A query for persistent Java™ objects is typesafe if a compiler can verify it for syntactic correctness. Version 2.0 of the Java Persistence API (JPA) introduces the Criteria API, which brings the power of typesafe queries to Java applications for the first time and provides a mechanism for constructing queries dynamically at run time. This article describes how to write dynamic, typesafe queries using the Criteria API and the closely associated Metamodel API.
WS-Security offers powerful features for securing Web service applications, and for many applications these features are essential. But these features come at a high cost in terms of performance and message overhead. Dennis Sosnoski continues his Java Web services column series with a look at how using WS-Security or WS-SecureConversation affects Axis2 performance, and he discusses when the simpler (and better performing) alternative of HTTPS-secured connections is a more appropriate choice.
The Resource Description Framework (RDF) is the World Wide Web Consortium (W3C) proposed standard for linking and expressing data on the Web. Java™ developers who develop applications for the Semantic Web will need to convert RDF properties to or from Java types. Jenabean uses the Jena Semantic Web framework's flexible RDF/OWL API to persist JavaBeans, making the task of writing these applications easier and more familiar to Java developers.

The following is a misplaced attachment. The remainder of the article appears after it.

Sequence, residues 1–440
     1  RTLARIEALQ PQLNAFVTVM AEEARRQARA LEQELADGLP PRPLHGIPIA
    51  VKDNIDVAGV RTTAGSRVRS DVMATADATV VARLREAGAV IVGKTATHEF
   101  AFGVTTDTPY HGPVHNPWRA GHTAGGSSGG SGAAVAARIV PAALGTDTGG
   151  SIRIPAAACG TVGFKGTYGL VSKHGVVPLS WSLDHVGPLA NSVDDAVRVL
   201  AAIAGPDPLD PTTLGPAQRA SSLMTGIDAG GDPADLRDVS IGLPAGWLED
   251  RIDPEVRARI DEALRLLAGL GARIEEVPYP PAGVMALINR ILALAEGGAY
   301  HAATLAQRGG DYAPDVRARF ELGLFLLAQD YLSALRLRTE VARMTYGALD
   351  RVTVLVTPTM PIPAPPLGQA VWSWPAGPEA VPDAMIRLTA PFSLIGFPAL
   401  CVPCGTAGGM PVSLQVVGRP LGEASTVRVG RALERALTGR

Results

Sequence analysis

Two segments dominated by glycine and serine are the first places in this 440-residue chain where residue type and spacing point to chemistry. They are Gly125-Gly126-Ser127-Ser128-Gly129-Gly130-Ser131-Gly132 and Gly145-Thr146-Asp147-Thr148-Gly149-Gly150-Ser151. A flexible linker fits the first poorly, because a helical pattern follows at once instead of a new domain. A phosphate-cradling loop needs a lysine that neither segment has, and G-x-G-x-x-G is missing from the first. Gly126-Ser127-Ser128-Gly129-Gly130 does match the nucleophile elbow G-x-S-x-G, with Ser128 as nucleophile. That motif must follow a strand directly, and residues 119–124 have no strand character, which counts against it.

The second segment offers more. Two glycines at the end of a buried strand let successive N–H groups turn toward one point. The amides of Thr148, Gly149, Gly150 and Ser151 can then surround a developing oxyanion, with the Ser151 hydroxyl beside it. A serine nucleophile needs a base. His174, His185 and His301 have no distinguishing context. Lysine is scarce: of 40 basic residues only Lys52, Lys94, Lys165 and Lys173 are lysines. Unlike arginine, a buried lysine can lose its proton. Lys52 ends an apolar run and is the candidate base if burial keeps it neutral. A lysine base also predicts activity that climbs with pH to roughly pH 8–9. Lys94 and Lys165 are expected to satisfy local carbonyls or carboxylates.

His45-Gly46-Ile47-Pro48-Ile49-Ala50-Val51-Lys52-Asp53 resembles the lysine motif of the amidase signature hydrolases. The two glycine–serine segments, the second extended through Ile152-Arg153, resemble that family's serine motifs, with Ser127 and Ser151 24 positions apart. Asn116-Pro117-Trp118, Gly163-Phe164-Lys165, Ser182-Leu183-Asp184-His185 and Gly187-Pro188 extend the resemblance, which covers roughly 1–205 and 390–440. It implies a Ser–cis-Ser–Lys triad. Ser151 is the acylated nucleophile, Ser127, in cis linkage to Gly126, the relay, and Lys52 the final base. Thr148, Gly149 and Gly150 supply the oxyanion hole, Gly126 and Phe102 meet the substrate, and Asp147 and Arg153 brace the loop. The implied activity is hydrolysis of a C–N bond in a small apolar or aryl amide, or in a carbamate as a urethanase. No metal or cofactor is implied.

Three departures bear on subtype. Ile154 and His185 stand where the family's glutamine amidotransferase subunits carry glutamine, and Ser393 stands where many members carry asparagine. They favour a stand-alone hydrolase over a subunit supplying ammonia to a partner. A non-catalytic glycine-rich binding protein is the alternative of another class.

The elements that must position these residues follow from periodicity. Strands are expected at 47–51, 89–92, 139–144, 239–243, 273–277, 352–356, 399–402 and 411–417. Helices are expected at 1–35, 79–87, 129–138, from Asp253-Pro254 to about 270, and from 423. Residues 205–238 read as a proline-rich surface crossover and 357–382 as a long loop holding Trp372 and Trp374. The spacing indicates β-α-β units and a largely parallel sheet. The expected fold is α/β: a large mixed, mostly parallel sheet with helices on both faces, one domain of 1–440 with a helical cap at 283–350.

The IBM Application Pattern for Java lets you easily move any existing Java application into a cloud-based environment and make it reusable as either a platform or a modifiable template. Find out how this pattern works with IBM's cloud offerings, and get started with step-by-step instructions — including two video demos — for creating, deploying, and monitoring Java virtual applications in a variety of usage scenarios.
This article gives you a hands-on introduction to developing for and deploying on the Amazon Elastic Compute Cloud (EC2). Learn how EC2 differs from Google App Engine, and leverage an Eclipse plug-in and the concise Groovy language to get a simple Web application up and running quickly on EC2.
Online attackers grow more ingenious, with their exploits becoming more audacious and potentially more lucrative. We say crime doesn't pay, and yet the aggregated scale of online crime puts attackers' revenues at around the GDP equivalent of a large country. As software professionals, we have a duty to fight these attackers, and the means to do it in our arsenal of software tools and techniques. One key technique is data validation, which can filter out all kinds of nasty data. Stephen B. Morris explores Java-based validation with some examples using Hibernate Validator.
The Metro Web service stack provides a comprehensive solution for accessing and implementing Web services. It's based on the reference implementations of the JAXB 2.x and JAX-WS 2.x Java™ standards, with added components to support WS-* SOAP extension technologies and actual Web service deployment.